AMERICAN warplanes flew over Guyana and its disputed Essequibo region today after Putin’s Venezuelan dictator pal Nicolás Maduro threatened to snatch more than half of the country and take its oil.
Guyana and the United States are now on full alert for an “imminent” invasion after a military chopper vanished near the Venezuelan border.Nicolás Maduro holding up a map of the region showing Guyana Essequibo under Venezuelan control[/caption] A military helicopter carrying seven people had vanished near Guyana’s border with Venezuela[/caption]
The US embassy in Guyana said on Thursday that the US Southern Command was conducting flight operations within Guyana.
“This exercise builds upon routine engagement and operations to enhance security partnership between the United States and Guyana, and to strengthen regional cooperation,” the statement said.
It saw more than 95 per cent of voters supporting the government’s claim to Essequibo – although its veracity is doubted.
America earlier vowed its “unwavering support” for Guyana as US Secretary of State Antony Blinken spoke with Guyanese President Irfaan Ali late on Wednesday.
Guyana’s President Irfaan Ali told The Associated Press earlier Wednesday that he was taking all necessary steps to defend his country.
The Guyanese leader has appealed to the International Court of Justice, the United Nations’ top court, which on Friday ordered Venezuela not to take any action to change the status quo until the panel can rule on the two countries competing claims, which could take years.
Ali said Maduro was showing “blatant disregard” for the ICJ ruling.
He added: “Guyana will be reporting this matter early in the morning.
“We will write the UN Security Council and the court.
“The Guyana Defense Force is on high alert… Venezuela has clearly declared itself an outlaw nation.”
It comes after a military helicopter carrying seven people had vanished near Guyana’s border with Venezuela.
Authorities had said there was bad weather in the area and stressed there was no indication it may have been hit by hostile fire as tensions escalate between the countries.
Two crew members aboard the helicopter were taking five senior officers on an inspection of troops guarding a border area that Venezuela claims as its own, Army Chief Brig. Gen. Omar Khan said.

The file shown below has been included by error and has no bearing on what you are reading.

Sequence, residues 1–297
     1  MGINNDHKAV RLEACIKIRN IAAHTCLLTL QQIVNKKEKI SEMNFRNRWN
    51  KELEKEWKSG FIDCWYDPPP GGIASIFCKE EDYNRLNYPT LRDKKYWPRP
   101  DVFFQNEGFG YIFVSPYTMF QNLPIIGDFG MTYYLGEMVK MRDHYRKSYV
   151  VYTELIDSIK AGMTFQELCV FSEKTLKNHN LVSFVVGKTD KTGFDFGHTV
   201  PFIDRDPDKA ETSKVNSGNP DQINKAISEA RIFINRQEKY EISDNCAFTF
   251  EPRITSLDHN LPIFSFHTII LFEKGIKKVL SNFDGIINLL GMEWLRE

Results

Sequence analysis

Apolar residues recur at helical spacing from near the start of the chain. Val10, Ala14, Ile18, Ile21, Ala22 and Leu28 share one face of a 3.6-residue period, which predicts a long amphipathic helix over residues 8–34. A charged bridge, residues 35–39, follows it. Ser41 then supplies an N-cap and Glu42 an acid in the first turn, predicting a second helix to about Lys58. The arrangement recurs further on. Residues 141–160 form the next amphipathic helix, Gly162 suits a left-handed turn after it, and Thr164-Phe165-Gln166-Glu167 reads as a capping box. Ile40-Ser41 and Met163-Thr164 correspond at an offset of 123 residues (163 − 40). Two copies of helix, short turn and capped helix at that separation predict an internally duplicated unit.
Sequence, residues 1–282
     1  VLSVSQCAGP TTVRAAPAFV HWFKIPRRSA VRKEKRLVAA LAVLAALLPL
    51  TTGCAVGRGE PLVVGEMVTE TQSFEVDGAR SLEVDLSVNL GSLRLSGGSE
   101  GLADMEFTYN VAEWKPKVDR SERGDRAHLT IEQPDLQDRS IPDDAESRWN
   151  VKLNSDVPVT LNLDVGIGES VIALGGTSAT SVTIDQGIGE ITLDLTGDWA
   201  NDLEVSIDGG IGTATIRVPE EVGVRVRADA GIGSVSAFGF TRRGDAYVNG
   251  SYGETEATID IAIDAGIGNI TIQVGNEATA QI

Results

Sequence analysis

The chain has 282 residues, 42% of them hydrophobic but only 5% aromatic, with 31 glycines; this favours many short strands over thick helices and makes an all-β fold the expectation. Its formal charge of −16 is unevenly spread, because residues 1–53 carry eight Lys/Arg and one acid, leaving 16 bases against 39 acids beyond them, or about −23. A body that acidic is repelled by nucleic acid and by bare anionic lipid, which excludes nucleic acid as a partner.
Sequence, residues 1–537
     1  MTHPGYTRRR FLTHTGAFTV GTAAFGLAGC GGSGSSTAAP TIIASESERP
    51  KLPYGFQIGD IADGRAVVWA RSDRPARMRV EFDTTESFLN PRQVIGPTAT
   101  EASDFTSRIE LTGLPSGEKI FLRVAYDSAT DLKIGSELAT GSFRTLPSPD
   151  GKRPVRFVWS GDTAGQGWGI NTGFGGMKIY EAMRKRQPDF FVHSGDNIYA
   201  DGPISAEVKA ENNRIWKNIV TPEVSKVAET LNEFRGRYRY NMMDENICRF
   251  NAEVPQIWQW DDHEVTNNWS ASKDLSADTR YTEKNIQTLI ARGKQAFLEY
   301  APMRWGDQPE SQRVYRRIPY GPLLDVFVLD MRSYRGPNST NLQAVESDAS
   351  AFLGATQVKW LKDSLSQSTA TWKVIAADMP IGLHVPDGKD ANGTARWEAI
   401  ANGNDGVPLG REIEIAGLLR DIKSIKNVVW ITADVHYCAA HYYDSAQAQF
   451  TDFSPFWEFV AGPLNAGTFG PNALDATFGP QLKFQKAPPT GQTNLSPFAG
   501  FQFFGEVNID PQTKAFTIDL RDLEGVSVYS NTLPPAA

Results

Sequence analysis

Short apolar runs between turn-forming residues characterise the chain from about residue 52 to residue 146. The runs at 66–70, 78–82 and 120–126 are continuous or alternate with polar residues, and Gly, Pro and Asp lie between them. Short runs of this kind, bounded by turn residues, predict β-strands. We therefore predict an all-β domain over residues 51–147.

Khan told reporters late Wednesday that Guyana’s Defense Force lost contact with the brand new Bell 412 EPI aircraft after it took off from Olive Creek settlement in western Guyana following a refueling stop.
Venezuelan troops with heavy equipment and machinery have been amassing on the border in recent weeks, leading to speculation of an imminent invasion.
Asked if the aircraft was shot out of the sky as it flew in a mountainous and heavily forested area, Khan said there are no indications that occurred.
“We do not have any information suggesting that there was any flight by Venezuelan aircraft in that area,” he said.
“Speculation is not what I want to go into. Our priority is to save the lives of our officers and ranks.”
It is understood search and rescue teams have found the missing aircraft and reported signs of life around the crash site.
Troops are being rappelled to the exact location, and more updates will be released by Guyana’s Defence Headquarters.
Tensions between Venezuela and Guyana over the oil-rich region of Essequibo have been rising, as the 61,600-square-mile area makes up to over two thirds of Guyana’s total land mass.
Venezuela claims the region as its own, insisting it has been part of the country since Spanish rule.
Neighbouring Brazil also moved troops to the area amid fears a conflict could spill over the border.
Some 28 armoured vehicles and around 150 soldiers will arrive at the country’s northern border with Venezuela and Guyana in the coming weeks, Brazilian defence said.
A possible incursion by Venezuela into Guyana by land would necessarily have to pass through Brazil, which shares a border with both countries.
A source from Brazil’s Military High Command told Globo the referendum results prompted the deployment to avoid the conflict from bleeding into the country.
“The goal is to send a message that our territory cannot be used for any type of operation,” the insider said.
The measures are cause for concern across the region.
While Guyana has its troops on high alert, the Brazilian army has said that it is moving more soldiers to the border city of Boa Vista, the capital of Roraima state, as well as bringing in more armed vehicles.
Brazil’s president Luiz Inácio Lula da Silva said he is following tensions rise with “increasing concern”, Globo reports.
In his speech during the opening of the 63rd Mercosur summit, Lula said the group cannot remain “aloof” from the situation.
The president reinforced Mercosur’s position as a zone of peace and cooperation, saying: “One thing we don’t want here in South America is war.
“We don’t need war, we don’t need conflict.
“What we need is to build peace, because only with a lot of peace can we develop our countries.”Brazil is also set to deploy troops and armoured vehicles to its northern border with Venezuela and Guyana[/caption] The Venezuelan leader is a figure in Putin’s tinpot empire of and despots who want to attempt to unsettle the global order[/caption]